PNS Daily News - October 16, 2019 

Farmers in DC to discuss trade and the rural economic crisis; also Lily Bohlke reports on the Democratic debate -- from 2020 Talks.

2020Talks - October 16, 2019 

Last night in Ohio the fourth Democratic debate covered issues from health care, gun control and abortion to the Turkish invasion of Syria. What's clear: Sen. Elizabeth Warren has replaced former VP Joe Biden as the centerstage target.

Daily Newscasts

New Study: In WA, Prison’s a Bigger Budget Item than College

February 29, 2008

Seattle, WA – Washington's prison population increased about 3 percent in the past year, by 565 inmates, bringing the state's total to more than 18,000. That's just one of many grim findings in a new study that says one out of every 100 Americans is now in prison. The Pew Research Institute's "Public Safety Performance Project" also concludes that we're not any safer, despite the additional money spent on prisons, and it questions what states are getting — and what they're giving up — for the money spent to incarcerate so many people.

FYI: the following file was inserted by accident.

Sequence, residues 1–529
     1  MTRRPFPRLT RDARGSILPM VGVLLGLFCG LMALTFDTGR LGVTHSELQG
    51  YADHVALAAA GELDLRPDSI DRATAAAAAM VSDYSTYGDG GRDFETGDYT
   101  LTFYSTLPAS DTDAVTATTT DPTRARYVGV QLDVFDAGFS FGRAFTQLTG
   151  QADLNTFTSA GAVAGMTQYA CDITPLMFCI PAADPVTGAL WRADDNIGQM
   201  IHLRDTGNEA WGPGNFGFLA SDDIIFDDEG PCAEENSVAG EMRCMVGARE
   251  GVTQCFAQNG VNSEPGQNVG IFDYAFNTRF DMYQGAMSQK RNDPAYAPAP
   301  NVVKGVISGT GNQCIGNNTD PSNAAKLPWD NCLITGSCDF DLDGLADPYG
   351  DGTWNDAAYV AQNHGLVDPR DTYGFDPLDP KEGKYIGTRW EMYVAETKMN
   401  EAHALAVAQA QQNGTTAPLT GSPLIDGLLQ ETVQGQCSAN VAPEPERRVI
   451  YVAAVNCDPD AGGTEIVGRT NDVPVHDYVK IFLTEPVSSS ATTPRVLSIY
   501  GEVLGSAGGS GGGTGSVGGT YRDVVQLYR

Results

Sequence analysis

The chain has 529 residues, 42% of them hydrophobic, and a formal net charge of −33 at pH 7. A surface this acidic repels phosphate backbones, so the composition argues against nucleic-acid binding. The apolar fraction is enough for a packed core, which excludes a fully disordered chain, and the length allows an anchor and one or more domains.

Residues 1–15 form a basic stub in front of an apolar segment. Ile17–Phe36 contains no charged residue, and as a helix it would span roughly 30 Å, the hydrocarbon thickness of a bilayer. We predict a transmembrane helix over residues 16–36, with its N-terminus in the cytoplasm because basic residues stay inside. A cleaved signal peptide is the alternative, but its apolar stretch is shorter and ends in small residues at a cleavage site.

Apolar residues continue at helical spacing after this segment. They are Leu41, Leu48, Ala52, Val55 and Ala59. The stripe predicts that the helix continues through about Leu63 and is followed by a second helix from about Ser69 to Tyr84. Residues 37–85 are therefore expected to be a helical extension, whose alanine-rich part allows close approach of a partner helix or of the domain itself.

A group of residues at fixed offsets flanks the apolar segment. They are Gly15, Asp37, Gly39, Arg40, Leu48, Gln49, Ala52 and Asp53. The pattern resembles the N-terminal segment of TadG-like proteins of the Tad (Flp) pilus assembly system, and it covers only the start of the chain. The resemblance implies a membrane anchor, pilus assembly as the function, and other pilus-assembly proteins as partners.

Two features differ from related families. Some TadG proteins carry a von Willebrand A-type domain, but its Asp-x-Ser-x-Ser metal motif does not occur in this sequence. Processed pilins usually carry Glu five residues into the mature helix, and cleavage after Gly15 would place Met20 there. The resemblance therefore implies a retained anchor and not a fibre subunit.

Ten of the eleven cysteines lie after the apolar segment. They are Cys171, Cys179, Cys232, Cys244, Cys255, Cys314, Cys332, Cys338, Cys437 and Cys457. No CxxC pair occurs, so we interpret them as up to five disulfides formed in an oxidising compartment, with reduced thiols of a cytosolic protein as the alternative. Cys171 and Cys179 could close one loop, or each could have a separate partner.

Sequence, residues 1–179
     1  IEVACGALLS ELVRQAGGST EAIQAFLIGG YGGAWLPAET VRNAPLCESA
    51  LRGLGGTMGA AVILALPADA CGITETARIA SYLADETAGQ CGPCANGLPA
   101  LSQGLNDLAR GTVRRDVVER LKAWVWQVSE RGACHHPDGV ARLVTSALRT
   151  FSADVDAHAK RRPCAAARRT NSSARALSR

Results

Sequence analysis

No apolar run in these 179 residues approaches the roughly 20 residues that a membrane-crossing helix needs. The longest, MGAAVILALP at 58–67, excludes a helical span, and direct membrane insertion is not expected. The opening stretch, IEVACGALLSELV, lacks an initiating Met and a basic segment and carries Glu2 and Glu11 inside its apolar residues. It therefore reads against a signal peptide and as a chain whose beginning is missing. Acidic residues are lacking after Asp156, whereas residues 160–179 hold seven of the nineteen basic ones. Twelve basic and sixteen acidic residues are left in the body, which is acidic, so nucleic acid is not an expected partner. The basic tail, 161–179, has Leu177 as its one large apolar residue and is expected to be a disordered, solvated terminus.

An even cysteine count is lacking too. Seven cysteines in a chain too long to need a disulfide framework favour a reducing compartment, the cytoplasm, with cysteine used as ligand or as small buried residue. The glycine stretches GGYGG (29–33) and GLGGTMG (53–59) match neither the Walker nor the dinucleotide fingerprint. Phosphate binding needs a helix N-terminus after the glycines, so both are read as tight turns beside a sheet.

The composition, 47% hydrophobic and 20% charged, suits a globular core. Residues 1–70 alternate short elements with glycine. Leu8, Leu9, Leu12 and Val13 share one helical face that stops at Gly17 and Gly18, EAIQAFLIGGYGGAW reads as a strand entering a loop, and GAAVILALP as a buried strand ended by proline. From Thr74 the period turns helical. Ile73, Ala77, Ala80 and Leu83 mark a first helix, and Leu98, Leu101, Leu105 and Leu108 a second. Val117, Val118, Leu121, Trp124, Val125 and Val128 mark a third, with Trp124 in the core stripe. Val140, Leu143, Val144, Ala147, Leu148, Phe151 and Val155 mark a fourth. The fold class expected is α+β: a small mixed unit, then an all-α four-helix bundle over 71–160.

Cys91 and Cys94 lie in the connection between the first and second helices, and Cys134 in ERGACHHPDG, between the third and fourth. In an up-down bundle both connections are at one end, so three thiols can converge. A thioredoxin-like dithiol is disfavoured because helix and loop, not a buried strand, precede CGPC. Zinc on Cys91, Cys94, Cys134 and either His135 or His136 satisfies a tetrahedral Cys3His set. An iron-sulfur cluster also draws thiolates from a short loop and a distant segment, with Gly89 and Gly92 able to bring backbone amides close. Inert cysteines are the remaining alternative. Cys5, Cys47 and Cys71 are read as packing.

In Washington, prison costs make up almost 6 percent of the state budget. To put prison costs in perspective, Pew study director Adam Gelb says, they compared states' corrections budgets to college budgets.

"Twenty years ago, Washington State was spending 23 cents on corrections for every dollar it was spending on higher education. Now, it's 55 cents on corrections for every dollar spent on higher ed."

Gelb points to tighter budgets, higher health care costs for those who are incarcerated, and prison overcrowding as factors prompting states to rethink their corrections systems.

"It's these kinds of impacts, where we see the corrections budget starting to crowd out other pressing state priorities, that are making state policymakers across the country say, 'Time out! We've got to find a better way.'"

The study suggests ways to control the growth of prison populations, including drug courts and short-term housing for substance abusers, and incentives for people to meet parole and probation requirements so they're less likely to be sent back to prison. However, some of these ideas are controversial to proponents of "tough on crime" policies.

The study, "One in 100: Behind Bars in America 2008," is available at

Chris Thomas, Public News Service - WA